In a pioneer study of how language is actually used, Dr. Kearns combines the rigor of formal logic with a detailed analysis of natural language patterns. Through this double focus, he develops artificial languages that are syntactically more similar to the spoken word than first-order language itself. Numerous diagrams illustrate the evolution of these artificial languages, which represent a significant contribution to both the fields of linguistics and logic. The book begins by delineating a theory of the structures of intentional acts and then applies this to the special case of linguistic acts. Given an understanding of the meanings of component expressions, we can use our knowledge of linguistic structure to determine the meaning of a complex expression. An innovative discussion of semantics is subdivided into theories of three asemantic dimensionsa: representational meaning, inferential meaning, and truth conditions. Drawing upon these analyses the speech act theory of this book purposes that the meaning of a sentence (sentential act) is to be explained wholly in terms of the meanings of component expressions (acts) and the structure of the sentence.EB provides these amore naturala translations: [4F G], [ctF = 4G]. But in 52 ... A is equita#39;alued to B with respect to 91) iff for every interpreting function 9 of SE for 9D, 9(A) = 9(8). ... Every expression above the initial elements in a tree diagram is.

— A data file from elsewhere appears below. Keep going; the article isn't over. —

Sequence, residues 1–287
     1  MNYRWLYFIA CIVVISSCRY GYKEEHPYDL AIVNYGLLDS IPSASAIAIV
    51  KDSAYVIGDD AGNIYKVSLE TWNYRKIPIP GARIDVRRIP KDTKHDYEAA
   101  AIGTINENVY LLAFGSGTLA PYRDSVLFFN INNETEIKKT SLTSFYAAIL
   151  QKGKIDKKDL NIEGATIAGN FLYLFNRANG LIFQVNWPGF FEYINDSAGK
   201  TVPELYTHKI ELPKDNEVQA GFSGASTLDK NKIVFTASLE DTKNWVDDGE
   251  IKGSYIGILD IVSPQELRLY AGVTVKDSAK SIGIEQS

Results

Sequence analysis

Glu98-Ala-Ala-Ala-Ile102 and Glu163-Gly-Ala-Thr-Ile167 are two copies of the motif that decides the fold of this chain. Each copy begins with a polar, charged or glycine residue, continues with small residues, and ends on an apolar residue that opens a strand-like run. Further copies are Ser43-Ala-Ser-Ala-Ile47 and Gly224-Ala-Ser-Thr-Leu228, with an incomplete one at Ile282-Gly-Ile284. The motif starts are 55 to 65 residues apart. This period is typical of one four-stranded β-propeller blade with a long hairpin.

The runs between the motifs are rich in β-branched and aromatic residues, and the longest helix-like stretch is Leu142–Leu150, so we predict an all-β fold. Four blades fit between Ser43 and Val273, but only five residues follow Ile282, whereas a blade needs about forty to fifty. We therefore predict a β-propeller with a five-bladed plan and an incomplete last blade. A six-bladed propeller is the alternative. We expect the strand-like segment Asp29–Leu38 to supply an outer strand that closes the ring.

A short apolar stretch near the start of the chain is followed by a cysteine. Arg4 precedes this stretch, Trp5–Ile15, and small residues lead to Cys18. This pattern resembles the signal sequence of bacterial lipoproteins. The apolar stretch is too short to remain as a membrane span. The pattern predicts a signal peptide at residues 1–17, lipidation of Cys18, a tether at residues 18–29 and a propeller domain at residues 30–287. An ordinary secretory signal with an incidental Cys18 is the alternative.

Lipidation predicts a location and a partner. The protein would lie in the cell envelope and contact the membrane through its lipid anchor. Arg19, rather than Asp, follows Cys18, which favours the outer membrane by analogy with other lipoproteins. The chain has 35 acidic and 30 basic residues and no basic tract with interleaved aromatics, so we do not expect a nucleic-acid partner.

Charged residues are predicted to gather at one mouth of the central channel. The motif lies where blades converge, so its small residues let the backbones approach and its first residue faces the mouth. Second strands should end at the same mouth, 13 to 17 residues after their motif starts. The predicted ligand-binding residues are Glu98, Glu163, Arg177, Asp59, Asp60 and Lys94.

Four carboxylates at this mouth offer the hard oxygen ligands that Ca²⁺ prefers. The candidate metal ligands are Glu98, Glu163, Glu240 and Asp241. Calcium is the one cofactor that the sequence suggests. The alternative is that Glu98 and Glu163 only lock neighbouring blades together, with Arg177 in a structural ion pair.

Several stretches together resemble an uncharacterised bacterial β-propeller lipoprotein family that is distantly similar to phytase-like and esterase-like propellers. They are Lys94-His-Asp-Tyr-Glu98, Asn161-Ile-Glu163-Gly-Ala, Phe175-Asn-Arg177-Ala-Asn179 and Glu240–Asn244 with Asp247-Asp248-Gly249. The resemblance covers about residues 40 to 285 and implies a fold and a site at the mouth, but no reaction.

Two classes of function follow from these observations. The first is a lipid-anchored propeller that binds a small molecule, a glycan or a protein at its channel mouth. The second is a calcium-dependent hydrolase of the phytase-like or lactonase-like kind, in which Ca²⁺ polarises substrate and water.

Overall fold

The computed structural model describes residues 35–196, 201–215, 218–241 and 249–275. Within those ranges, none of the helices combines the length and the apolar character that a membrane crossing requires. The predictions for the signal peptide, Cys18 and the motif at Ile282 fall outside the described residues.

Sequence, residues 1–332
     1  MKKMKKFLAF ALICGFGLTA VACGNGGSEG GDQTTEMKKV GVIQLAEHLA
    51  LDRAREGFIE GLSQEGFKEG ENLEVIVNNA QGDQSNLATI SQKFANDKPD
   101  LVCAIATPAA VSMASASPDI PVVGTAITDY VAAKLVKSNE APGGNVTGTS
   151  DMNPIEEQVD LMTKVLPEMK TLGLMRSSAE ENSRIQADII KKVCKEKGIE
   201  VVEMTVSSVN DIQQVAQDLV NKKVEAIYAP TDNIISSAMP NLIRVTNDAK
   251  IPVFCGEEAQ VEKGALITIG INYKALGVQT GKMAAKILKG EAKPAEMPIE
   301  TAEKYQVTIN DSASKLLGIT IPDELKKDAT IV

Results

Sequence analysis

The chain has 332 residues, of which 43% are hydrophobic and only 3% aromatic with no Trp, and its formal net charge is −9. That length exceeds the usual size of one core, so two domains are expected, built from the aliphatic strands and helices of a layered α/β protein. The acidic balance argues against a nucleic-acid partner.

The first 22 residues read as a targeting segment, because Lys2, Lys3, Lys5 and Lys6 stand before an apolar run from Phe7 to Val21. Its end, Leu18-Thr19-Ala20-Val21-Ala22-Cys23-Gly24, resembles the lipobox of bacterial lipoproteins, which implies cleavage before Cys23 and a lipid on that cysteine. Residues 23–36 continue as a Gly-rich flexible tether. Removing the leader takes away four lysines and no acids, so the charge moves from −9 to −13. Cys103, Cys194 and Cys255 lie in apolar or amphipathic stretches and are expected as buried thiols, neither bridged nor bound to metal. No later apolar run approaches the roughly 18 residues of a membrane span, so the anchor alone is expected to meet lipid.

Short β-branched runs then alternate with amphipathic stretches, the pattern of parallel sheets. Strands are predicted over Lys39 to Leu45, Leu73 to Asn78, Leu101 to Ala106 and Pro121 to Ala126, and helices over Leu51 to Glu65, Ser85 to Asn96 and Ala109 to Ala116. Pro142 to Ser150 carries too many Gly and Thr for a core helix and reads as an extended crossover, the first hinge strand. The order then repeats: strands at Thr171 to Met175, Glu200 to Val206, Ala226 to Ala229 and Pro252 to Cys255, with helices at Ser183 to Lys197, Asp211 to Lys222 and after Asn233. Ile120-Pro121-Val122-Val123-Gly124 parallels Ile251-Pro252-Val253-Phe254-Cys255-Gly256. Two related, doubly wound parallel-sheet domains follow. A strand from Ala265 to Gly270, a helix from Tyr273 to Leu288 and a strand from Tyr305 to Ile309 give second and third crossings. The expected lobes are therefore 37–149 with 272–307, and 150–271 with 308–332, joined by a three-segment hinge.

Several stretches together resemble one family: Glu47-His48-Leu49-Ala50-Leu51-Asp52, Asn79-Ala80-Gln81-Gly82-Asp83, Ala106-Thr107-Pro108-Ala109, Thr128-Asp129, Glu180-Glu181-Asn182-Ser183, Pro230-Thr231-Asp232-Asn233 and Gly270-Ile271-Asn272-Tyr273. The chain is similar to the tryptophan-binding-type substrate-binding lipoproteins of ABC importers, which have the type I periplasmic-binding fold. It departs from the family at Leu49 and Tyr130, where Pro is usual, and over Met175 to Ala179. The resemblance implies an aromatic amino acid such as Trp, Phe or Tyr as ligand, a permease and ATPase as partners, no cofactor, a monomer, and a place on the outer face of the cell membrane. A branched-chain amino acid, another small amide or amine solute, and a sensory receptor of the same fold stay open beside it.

|Author||:||John T. Kearns|
|Publisher||:||SUNY Press -|